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Guide helps companies prepare for knowledge transfer as boomers retire

By On-Site Magazine   

Construction Skills Development boomers knowledge transfer management retain retirement skills

Apprenticeship Mobility Protocol opens doors for workers to move freely throughout Canada The Asia Pacific Gateway Skills Table (the Skills Table) has released a practical guide to help companies retain and transfer business-critical and experience-based knowledge as baby boomers reach retirement age and exit the workforce.

Management Attrition & Critical Knowledge Transfer: A Human Resource Practitioner’s Guide highlights that knowledge transfer efforts often occur when employees announce their intention to retire, which is usually too late for employers to effectively transfer expertise acquired over decades. The guide suggests that by getting ahead of the curve, employers immediately put themselves in a better position to face attrition head on, which is valuable both in case of retirement and for employers who lose experienced employees in a competitive job market.

“Strategic planning and a structured approach to knowledge transfer can make a significant impact to a company’s productivity and profitability,” said Krista Bax, executive director, Asia Pacific Gateway Skills Table. “We developed the guide for the many human resource leaders who have said they do not feel adequately prepared to address knowledge transfer for retiring workers. The guide lays out considerations and principles to develop and implement a concrete plan to guide companies through the changes.”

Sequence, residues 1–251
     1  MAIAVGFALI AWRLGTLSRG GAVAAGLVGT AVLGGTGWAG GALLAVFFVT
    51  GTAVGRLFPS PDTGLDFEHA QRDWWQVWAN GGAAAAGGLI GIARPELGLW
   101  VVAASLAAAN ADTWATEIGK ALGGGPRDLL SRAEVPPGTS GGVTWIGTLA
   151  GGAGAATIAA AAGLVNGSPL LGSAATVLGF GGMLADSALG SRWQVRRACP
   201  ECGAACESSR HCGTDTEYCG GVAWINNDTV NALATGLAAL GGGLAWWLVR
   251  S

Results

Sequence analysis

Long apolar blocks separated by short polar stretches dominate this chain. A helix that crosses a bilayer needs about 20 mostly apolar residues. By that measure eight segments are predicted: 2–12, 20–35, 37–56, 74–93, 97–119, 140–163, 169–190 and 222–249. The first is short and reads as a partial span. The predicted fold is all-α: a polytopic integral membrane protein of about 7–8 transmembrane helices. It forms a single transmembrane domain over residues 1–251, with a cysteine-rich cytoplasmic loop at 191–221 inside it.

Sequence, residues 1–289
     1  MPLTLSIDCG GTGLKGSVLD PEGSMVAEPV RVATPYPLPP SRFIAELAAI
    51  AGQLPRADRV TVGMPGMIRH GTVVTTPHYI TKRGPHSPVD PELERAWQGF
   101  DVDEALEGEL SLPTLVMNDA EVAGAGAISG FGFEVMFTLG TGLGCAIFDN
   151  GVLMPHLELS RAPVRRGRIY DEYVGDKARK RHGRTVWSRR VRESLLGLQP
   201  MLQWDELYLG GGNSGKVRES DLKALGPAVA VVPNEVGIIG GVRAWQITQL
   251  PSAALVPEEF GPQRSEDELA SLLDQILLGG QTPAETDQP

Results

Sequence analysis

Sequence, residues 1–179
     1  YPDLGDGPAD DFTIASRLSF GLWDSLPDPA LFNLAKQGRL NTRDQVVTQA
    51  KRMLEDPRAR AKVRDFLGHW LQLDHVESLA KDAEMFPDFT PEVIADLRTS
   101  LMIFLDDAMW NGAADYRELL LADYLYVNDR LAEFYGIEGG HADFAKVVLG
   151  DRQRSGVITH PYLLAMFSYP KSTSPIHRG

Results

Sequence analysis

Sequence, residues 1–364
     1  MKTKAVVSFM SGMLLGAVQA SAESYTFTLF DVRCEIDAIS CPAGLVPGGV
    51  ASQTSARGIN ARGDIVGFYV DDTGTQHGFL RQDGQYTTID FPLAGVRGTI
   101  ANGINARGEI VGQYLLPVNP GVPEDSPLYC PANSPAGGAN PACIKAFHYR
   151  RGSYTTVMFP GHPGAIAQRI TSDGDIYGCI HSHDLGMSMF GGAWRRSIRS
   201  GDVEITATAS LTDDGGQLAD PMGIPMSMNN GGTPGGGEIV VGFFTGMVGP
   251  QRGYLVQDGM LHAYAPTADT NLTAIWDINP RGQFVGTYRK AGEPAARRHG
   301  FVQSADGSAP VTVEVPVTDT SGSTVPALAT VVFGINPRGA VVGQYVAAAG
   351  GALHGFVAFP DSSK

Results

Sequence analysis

Since attrition due to retirement affects companies differently, there is no cookie-cutter approach to knowledge transfer. However, all companies are at risk of experiencing negative impacts if they fail to prepare, and most have existing processes that can be leveraged to enable the transfer of knowledge.


Prepare to succeed

The guide provides a framework of strategies and tools that human resource practitioners can refer to when developing their company’s overall strategy in preparation for the retirement wave. A step-by-step approach to critical knowledge transfer is provided and includes questions and considerations for each step.

To help manage the oncoming generational shift, the guide suggests defining the extent and urgency of the problem to clarify a company’s risks. For example, an assessment of the retiring expert could bring to light that not all knowledge is business-critical. It also advises that building systems and processes to facilitate knowledge transfer is vital to success, noting that company culture can either assist or inhibit a knowledge transfer effort.

“This guide provides practical steps to help deconstruct a challenge many firms are facing,” said Sandi Case, vice-president of Human Resources for the Port of Vancouver, Skills Table Board Member and member of the study’s Project Committee. “With a few targeted strategies and the language to talk about knowledge transfer, companies are better-prepared for the retirements of key personnel.”

Eight case studies of firms in British Columbia ranging in size from less than 100 to more than 500 employees were performed to develop the guide. The firms were a cross-section of privately held, government-funded and public-private partnership organizations representing different industries such as design and engineering, construction, shipping, transportation and tourism and trade.

The project was funded by the Government of Canada’s Sectoral Initiatives Program.


For more information and to access Management Attrition & Critical Knowledge Transfer: A Human Resource Practitioner’s Guide, visit:


SOURCE Asia Pacific Gateway Skills Table



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